While the letter does not call for a specific percentage or dollar figure for the cuts, lawmakers write that “[h]undreds of billions of dollars now directed to the military would have greater return if invested in diplomacy, humanitarian aid, global public health, sustainability initiatives, and basic research.”
Rep. Ro Khanna (D-Calif.) is the only member of the House Armed Services Committee to sign the letter. Other signatories to the letter include progressive voices like Reps. Alexandria Ocasio-Cortez (D-N.Y.), Katie Porter (D-Calif.), Ayanna Pressley (D-Mass.), Dan Kildee (D-Mich.) and Mark Pocan (D-Wis.). No members of the House Appropriations defense subcommittee signed the letter.
The letter from progressive Democrats comes one day after a group of bipartisan lawmakers from Mississippi and Maine sent a letter to Defense Secretary Lloyd Austin and Deputy Defense Secretary Kath Hicks pushing for a bigger navy and a “robust” request for the shipbuilding account in the upcoming Fiscal Year 2022 budget submission.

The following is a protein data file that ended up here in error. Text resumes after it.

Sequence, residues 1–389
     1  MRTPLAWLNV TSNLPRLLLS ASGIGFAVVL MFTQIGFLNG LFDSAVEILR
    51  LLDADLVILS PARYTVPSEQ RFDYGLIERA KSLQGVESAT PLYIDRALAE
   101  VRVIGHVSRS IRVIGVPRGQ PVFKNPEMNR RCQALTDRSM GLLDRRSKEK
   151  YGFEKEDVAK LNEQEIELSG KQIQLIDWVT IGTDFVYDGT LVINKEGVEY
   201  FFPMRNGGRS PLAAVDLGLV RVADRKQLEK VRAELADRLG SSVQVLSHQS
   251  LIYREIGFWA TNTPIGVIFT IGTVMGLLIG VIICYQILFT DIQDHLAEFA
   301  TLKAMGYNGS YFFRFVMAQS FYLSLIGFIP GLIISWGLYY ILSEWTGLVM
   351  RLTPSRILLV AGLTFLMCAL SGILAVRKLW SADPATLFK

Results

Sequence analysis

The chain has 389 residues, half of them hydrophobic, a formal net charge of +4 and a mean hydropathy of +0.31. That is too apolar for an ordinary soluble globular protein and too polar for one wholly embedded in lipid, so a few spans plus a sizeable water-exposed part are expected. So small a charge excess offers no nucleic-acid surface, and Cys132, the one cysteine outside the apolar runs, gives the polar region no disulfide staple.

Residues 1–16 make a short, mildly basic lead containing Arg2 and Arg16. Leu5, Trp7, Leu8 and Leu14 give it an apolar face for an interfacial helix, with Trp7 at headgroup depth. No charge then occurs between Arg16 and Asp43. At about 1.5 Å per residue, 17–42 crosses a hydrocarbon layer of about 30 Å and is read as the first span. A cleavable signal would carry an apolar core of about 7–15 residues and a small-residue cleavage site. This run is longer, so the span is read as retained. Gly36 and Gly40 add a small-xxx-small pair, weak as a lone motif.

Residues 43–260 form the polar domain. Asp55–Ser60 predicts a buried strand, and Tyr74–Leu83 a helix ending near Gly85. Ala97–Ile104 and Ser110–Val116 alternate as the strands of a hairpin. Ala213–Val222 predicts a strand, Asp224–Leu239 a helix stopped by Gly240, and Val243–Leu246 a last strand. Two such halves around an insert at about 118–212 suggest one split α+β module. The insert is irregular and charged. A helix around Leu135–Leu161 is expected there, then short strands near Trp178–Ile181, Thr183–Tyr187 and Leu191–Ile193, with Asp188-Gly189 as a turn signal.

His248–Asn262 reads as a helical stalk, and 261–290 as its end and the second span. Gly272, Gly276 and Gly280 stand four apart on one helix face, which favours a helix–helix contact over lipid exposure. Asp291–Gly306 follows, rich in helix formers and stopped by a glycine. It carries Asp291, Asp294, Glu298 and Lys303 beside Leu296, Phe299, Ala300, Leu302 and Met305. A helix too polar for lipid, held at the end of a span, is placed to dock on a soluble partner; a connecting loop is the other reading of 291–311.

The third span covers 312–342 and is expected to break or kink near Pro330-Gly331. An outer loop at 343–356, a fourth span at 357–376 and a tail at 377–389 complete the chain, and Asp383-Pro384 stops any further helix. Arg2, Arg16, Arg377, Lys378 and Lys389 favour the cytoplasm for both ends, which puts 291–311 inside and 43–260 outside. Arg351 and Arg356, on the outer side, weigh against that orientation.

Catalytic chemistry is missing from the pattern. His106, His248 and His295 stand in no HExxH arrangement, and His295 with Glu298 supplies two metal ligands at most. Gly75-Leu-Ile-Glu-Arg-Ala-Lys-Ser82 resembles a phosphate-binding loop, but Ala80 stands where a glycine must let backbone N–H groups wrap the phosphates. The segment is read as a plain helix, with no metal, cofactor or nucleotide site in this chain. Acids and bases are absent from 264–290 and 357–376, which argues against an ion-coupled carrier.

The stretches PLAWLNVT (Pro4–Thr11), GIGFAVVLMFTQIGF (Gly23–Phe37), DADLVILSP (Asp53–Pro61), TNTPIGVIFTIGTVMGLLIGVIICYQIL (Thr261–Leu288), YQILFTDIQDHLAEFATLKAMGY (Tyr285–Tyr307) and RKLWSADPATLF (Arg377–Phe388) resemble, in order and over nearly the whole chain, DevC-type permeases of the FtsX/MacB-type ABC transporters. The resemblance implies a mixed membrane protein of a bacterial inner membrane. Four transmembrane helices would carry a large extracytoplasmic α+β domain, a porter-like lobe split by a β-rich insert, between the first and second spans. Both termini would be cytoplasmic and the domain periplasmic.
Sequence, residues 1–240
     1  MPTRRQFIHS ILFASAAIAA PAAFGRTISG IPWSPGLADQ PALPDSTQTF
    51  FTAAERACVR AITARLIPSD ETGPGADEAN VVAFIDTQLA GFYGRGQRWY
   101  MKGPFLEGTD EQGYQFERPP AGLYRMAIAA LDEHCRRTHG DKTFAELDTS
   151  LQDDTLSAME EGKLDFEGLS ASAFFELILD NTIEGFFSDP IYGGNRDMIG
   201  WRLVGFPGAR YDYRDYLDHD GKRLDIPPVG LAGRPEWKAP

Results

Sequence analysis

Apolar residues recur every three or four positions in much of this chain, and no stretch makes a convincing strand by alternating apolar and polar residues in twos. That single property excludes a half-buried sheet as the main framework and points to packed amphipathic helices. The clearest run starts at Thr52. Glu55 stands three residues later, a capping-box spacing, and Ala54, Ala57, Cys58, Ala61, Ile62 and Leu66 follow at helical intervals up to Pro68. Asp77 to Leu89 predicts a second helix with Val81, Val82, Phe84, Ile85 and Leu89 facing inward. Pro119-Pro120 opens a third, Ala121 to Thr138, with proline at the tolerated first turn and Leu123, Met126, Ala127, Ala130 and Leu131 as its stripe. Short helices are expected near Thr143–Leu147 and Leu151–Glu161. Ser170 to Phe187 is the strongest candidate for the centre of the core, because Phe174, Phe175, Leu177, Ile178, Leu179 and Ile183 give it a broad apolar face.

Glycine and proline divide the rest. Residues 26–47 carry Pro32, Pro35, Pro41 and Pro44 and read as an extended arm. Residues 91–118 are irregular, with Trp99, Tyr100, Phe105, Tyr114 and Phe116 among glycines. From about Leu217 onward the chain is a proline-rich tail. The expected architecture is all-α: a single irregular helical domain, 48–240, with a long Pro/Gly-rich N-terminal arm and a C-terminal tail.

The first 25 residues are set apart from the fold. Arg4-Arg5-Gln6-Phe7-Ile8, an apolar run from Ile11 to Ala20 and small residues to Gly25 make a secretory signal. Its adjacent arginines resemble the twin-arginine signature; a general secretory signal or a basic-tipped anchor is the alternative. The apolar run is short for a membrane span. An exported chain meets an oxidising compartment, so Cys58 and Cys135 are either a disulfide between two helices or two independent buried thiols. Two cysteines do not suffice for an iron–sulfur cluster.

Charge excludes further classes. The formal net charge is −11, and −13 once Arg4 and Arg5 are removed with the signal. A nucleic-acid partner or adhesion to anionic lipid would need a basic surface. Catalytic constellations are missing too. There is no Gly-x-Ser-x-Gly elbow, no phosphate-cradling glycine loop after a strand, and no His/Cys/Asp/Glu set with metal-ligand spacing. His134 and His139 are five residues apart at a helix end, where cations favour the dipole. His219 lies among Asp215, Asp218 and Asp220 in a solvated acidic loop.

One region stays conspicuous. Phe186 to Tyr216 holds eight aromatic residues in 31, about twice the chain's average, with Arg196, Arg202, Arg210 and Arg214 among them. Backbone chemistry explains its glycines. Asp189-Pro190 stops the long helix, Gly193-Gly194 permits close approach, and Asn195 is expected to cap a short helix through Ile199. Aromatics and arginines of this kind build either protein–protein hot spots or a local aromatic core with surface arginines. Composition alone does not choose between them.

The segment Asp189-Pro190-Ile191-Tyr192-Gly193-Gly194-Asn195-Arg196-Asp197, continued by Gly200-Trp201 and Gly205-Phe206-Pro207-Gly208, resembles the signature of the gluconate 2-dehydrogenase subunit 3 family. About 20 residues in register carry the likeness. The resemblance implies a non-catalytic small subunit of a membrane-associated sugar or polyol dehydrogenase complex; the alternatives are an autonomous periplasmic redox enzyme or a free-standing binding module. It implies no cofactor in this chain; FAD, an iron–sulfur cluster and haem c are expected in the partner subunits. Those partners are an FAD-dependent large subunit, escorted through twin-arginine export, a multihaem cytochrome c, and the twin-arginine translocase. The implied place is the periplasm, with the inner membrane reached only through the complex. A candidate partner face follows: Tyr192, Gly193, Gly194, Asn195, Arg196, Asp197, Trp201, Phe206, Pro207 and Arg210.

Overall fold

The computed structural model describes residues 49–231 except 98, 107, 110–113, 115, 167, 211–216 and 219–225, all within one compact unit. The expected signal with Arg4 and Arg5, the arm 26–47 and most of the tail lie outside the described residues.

“We are concerned that the DOD and the Navy are not keeping pace with China on shipbuilding. Due to the long lead times necessary to properly procure and resource a larger fleet, attention must be paid to this critical issue immediately,” the letter reads.
The states’ four senators – Sens. Susan Collins (R-Maine), Angus King (I-Maine), Roger Wicker (R-Miss.) and Cindy Hyde-Smith (R-Miss.) – all signed the letter, in addition to Reps. Trent Kelly (R-Miss.), Steven Palazzo (R-Miss.), Jared Golden (D-Maine) and Chellie Pingree (D-Maine).